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Bosch starts 5G automation tests at Dresden wafer fab

Bosch has started testing a 5G network at its latest wafer fab in Reutlingen, Germany as part of its drive for Industry 4.0 automation. The machines in the 300mm fab, set to open next year, will generate a gigabit of data every second, so the network is a crucial part of the development.   

“At Bosch, we started researching and developing 5G early on, and we are convinced that this new mobile communications standard will give Industry 4.0 a boost,” said Dr Michael Bolle, CTO of Bosch.

The company is now starting compatibility tests and channel measurements for setting up a 5G network as part of the 5G-SMART research project. As well as the Dresden fab, the project will be testing 5G networks for industrial automation at Ericsson in Kista and Fraunhofer IPT’s 5G Industry Campus Europe in Aachen.

“Fast, reliable, and secure data transmission is the basis for Industry 4.0. Combining it with 5G will allow us to ramp up further and improve factory production,” said Bolle. “In Dresden, we are building Bosch’s first 5G-capable semiconductor plant worldwide. The facility will be ready for 5G from day one.”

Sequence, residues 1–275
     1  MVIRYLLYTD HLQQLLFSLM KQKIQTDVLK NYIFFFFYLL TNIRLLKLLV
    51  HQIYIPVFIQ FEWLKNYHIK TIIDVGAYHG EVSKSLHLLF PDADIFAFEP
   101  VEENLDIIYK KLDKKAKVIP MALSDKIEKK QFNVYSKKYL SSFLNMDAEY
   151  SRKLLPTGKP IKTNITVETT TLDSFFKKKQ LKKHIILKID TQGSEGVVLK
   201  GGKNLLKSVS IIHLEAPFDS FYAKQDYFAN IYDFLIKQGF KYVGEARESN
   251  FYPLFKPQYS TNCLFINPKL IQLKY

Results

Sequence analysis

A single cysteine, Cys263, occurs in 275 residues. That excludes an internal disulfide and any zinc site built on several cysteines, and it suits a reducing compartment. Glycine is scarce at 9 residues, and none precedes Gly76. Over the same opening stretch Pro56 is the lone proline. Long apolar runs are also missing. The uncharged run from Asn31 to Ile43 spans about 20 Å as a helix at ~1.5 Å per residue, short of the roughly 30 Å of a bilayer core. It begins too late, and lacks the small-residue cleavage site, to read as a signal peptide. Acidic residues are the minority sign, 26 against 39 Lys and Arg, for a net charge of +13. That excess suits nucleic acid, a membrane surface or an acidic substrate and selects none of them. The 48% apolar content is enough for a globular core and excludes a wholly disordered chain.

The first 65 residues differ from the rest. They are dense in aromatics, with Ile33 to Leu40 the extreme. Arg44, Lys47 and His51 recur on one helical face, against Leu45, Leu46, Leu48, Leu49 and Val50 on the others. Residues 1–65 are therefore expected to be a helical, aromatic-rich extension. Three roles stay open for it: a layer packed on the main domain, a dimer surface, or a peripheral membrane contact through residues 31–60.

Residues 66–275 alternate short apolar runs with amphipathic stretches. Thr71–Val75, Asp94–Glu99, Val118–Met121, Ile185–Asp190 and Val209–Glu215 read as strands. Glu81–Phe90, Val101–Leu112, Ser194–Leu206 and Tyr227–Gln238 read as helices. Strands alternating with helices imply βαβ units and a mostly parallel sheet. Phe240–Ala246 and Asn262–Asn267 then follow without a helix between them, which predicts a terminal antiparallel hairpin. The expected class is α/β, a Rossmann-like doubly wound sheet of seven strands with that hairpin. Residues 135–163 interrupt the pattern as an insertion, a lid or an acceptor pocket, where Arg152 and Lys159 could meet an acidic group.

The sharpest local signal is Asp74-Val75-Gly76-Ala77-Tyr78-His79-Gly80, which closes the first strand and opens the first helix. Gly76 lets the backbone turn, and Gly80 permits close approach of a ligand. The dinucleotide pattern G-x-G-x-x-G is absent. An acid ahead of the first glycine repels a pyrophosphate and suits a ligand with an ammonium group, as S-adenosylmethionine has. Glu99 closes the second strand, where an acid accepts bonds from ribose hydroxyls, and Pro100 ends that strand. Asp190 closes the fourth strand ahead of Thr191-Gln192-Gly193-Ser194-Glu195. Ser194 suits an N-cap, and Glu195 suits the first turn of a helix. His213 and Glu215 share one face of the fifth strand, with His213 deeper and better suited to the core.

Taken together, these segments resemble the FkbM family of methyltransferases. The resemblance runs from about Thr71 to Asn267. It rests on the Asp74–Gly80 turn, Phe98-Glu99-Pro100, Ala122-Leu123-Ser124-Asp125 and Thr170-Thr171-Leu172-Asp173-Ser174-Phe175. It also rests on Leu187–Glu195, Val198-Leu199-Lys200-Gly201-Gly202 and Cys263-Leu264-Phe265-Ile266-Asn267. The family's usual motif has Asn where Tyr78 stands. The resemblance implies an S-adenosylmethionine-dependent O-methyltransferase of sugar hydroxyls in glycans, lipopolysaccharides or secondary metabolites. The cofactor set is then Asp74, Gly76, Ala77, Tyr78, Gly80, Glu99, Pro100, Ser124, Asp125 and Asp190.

At its wafer fab in Reutlingen, Bosch is currently launching compatibility tests in partnership with Ericsson that are designed to explore the extent to which the new network technology impacts manufacturing.

“Semiconductor production is extremely complex and sensitive. These little wafers undergo more than 1,000 tests before ending up in a wide array of products, ranging from airbags to smartphones to e-bikes. In a factory environment, electromagnetic waves can be a source of interference, so we’re testing the impact 5G has on production,” said Andreas Müller. He works for Bosch as a researcher and is the chairman of the international 5G Alliance for Connected Industries and Automation (5G-ACIA).

Channel measurements are also crucial to ensuring optimum network coverage as well as where and how densely transmitting antennas need to be placed throughout the plant, for example. During this process, engineers will observe how machines and systems can work with the network and investigate how much better and more efficient this connection is compared to WiFi6 or the 6GHz WiFi6E technology or cabling. The technology can also be applied to autonomous transport systems that can be guided via a local cloud, remote access to machinery, and communication between industrial systems.

The project partners are also testing the electromagnetic compatibility (EMC) in the fab, evaluating how the network technology behaves in a real-life manufacturing environment.

Production at the billion-euro plant is scheduled to start by the end of 2021, about the same time that the two-year 5G-SMART project finishes.

Source: eeNews Europe.

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